Otago Medical School students experience challenges of rural healthcare in New Zealand

Otago Medical School students experience challenges of rural healthcare in New Zealand

Otago Medical School students were afforded a unique rural healthcare perspective last week as they delved into the challenges and opportunities of delivering medical services within sparsely populated regions. 

Hosted by Hurunui District Mayor Marie Black on Thursday, August 24, the visiting students congregated at the Hurunui District Council's Chambers as part of their third-year assessment on healthcare provision in rural locales. 

The students embarked on a comprehensive exploration of healthcare providers across Hurunui, encompassing medical centres, St John, Rural Support Trust, and even a preschool.

Mayor Black, an esteemed figure in the district who had formerly worked as a Plunket health worker within Hurunui, illuminated the diverse dynamics that underscore healthcare in the region. 

“It was valuable to have an opportunity to provide a rural perspective to future healthcare providers and encourage them to consider returning to our rural district to work.”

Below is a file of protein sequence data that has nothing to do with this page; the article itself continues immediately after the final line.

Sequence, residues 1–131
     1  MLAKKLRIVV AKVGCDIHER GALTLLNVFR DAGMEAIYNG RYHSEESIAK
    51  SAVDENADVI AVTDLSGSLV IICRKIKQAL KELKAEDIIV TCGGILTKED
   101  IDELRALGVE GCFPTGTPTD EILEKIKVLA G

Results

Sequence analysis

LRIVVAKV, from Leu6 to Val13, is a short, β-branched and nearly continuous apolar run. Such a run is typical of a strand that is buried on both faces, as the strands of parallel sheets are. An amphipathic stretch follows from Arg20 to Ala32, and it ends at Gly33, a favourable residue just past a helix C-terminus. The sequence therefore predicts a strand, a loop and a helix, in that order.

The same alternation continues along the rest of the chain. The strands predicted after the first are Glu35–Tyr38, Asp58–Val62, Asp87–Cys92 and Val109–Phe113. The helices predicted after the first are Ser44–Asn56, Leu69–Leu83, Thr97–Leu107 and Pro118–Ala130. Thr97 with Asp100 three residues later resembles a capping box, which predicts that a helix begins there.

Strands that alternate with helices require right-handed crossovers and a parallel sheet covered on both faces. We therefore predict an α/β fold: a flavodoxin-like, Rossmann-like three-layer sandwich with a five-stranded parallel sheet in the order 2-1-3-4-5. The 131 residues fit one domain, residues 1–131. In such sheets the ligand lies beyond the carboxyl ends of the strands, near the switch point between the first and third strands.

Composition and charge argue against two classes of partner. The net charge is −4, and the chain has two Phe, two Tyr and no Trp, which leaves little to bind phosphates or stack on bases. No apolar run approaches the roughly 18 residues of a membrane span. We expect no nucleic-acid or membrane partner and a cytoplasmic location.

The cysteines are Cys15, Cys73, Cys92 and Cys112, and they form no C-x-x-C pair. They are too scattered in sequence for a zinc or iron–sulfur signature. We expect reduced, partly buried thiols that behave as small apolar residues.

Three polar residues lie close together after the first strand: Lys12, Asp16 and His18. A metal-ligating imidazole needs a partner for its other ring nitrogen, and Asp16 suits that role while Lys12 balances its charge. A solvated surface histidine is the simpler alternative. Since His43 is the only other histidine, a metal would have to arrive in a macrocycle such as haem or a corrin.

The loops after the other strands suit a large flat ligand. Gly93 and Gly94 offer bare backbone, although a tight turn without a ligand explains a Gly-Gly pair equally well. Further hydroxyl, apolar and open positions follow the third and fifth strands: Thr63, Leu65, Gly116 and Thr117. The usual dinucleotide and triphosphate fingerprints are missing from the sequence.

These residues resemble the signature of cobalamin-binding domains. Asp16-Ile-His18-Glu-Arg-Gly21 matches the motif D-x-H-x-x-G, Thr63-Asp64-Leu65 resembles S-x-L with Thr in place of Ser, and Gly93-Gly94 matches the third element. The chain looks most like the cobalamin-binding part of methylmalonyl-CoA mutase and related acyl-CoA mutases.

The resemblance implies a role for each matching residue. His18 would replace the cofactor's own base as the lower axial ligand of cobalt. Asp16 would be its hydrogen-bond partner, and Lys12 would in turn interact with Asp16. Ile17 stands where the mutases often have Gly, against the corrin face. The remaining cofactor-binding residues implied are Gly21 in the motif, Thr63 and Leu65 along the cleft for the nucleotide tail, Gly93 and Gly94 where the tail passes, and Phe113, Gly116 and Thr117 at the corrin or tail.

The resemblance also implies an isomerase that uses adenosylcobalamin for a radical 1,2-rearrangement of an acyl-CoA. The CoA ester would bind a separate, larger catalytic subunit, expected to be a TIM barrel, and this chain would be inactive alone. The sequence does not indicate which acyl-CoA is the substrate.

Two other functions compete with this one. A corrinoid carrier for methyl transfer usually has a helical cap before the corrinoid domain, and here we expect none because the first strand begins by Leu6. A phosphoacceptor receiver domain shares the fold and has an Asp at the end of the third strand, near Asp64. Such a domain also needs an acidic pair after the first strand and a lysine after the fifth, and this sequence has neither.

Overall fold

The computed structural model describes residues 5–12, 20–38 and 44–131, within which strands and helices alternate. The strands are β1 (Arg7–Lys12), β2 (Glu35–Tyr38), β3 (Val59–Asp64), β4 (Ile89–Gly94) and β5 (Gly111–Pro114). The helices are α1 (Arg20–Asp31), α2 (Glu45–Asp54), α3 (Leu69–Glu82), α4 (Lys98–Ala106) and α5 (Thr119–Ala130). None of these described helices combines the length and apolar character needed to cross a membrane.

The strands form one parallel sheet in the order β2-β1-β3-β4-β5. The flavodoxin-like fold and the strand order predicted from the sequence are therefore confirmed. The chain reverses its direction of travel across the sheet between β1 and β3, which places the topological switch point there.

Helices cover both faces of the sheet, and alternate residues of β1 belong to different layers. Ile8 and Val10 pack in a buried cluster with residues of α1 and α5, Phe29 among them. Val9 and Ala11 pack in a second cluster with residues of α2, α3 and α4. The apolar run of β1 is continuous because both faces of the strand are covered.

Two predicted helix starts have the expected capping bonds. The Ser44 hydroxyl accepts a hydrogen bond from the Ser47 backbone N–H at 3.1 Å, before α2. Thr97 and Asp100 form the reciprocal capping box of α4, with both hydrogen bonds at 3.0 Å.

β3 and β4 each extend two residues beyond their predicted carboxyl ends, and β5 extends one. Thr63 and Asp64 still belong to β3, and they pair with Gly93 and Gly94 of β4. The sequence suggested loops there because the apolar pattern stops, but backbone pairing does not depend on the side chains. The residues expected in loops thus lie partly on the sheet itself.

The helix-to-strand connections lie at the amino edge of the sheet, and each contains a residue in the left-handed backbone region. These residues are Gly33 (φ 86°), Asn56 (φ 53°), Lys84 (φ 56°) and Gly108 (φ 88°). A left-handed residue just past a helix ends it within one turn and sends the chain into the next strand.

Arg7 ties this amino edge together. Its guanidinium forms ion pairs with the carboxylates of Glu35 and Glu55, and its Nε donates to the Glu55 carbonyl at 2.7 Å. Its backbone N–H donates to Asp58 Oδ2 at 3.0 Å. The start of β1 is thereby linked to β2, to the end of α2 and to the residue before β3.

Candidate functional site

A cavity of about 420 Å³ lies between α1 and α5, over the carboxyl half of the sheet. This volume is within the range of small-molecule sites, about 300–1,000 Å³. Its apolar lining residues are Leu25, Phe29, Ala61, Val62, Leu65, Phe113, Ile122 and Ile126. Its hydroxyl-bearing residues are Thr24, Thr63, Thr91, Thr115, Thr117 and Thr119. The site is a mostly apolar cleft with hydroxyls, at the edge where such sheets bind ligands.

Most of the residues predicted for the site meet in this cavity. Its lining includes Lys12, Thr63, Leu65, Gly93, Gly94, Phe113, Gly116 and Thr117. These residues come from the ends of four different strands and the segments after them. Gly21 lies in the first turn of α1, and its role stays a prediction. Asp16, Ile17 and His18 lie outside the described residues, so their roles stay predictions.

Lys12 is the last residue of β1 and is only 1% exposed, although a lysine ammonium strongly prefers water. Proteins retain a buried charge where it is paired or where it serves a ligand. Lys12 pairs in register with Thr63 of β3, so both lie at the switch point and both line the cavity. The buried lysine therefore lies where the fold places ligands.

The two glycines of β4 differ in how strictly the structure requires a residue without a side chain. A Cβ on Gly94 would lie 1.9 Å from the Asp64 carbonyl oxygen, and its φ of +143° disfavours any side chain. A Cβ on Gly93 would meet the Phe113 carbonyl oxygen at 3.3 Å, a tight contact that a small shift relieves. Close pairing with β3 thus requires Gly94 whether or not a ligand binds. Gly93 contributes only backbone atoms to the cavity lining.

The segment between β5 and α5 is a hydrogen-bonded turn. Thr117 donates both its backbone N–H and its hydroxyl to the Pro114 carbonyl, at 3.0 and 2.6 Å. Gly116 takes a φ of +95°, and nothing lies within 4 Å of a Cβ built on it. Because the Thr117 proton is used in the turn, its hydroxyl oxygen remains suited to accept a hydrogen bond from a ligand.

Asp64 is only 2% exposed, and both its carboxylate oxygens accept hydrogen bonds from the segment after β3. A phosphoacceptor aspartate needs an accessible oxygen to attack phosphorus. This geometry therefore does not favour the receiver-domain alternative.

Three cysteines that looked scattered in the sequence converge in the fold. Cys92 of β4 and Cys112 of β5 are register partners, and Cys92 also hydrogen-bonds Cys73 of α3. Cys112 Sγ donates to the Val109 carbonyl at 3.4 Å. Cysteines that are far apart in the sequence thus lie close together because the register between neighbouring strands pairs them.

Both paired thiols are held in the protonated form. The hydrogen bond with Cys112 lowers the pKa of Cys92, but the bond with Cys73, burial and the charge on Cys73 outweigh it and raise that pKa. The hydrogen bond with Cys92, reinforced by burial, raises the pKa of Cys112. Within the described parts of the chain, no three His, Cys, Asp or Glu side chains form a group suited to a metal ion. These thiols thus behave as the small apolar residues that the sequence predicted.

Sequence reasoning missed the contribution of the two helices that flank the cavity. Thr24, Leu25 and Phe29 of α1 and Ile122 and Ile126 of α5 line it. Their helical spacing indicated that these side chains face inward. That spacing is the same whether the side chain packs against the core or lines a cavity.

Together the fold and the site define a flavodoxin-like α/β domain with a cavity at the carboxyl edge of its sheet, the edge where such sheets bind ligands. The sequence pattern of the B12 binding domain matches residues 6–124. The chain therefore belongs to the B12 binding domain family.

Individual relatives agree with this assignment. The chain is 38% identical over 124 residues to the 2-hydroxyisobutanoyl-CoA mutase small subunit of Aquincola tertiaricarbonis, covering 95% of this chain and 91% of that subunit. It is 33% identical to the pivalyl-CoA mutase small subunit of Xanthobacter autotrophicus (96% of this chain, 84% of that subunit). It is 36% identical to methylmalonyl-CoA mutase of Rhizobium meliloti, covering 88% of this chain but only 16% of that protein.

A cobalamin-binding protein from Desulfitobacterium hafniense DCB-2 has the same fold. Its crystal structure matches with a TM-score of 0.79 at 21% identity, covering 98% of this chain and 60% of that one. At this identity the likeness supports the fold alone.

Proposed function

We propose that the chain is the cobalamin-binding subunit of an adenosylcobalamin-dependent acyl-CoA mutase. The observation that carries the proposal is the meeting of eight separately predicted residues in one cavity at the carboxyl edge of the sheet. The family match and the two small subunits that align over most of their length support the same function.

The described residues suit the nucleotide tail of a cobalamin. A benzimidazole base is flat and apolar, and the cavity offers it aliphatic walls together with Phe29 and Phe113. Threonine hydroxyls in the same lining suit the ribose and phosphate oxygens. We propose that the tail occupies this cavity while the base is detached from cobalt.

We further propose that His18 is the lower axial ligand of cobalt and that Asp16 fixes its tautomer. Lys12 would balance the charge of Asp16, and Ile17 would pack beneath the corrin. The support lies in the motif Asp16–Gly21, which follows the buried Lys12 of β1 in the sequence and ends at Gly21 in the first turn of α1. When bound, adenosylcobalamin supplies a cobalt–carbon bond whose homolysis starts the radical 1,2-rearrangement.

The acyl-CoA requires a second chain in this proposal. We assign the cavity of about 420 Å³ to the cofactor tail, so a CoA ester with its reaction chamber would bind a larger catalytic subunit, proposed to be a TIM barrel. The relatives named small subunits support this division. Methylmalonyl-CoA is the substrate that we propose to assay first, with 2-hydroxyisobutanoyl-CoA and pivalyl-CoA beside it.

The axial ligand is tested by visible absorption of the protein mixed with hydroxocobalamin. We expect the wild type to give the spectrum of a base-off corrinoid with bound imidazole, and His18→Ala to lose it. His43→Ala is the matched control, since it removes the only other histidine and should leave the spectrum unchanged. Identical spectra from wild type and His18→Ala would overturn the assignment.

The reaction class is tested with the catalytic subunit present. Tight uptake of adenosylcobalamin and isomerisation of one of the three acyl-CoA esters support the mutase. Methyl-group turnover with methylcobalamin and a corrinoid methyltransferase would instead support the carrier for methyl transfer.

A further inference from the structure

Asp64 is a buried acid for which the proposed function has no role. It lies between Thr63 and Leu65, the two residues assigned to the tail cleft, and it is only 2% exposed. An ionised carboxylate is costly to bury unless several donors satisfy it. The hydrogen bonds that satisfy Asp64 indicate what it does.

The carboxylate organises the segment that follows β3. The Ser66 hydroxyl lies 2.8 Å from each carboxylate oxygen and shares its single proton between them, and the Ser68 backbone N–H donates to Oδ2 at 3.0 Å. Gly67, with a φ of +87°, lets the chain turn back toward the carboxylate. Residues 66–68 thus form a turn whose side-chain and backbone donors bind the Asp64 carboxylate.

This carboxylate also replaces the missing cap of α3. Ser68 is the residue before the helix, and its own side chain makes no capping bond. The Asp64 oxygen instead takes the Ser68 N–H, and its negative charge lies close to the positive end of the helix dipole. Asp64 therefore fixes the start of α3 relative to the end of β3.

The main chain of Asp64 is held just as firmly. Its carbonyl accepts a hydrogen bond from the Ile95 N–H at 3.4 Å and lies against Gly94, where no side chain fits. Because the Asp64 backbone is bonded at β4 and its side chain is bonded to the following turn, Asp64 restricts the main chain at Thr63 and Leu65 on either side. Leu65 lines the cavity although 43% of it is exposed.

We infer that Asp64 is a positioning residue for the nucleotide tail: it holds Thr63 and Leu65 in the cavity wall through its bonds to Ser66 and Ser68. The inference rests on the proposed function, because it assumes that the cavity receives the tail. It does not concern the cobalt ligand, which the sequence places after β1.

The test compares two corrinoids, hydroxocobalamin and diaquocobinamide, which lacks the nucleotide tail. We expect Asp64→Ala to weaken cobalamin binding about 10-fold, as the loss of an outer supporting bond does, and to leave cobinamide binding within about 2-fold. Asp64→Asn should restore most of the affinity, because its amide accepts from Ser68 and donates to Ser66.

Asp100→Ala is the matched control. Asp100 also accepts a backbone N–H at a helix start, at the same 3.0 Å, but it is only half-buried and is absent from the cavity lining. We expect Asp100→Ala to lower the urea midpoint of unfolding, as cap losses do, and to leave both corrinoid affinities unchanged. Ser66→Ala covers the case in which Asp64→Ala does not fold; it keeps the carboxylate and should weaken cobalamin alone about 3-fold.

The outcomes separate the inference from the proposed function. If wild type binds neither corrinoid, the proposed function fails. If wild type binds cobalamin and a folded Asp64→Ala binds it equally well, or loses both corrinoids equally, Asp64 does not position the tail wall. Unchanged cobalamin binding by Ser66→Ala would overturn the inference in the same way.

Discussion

She explained the dual nature of challenges and opportunities presented by the demographic makeup of Hurunui. The district grapples with an expansive geographical footprint juxtaposed against a modest population base. 

Over a quarter of the population is projected to be aged over 65 by 2051, presenting a formidable challenge in ensuring accessibility to healthcare services for both elderly individuals and younger demographics lacking driver's licenses due to the absence of public transportation.

Mayor Black accentuated the commendable spirit of community collaboration that fuels the region's healthcare initiatives. 

“The Hawarden-Waikari Community Vehicle Trust’s AGM last week revealed 69 people over the past year were picked up from their homes, taken to medical appointments and brought back home in a community-owned car," she said.

This endeavour, reliant on dedicated volunteers, fills the void created by the lack of public transport, offering a dignified solution to the transportation dilemma.

A key aspect that Mayor Black expounded upon was the significant prevalence of community-owned health centres in Hurunui. Of the five health centres in the district, an impressive four are owned and operated by the community itself, funded through the contributions of local ratepayers.

Mayor Black's sentiment about the value of the students' visits resonated deeply, as she noted their consistent presence over the past decade. She welcomed the opportunity to infuse the students' medical education with insights from a rural vantage point, hoping to inspire them to consider returning to Hurunui in their professional capacities. 

The impending growth of retirement villages in Amberley further emphasizes the necessity of retaining and attracting general practitioners and nurses, reinforcing the indispensable role that healthcare providers play in enhancing the well-being of rural communities.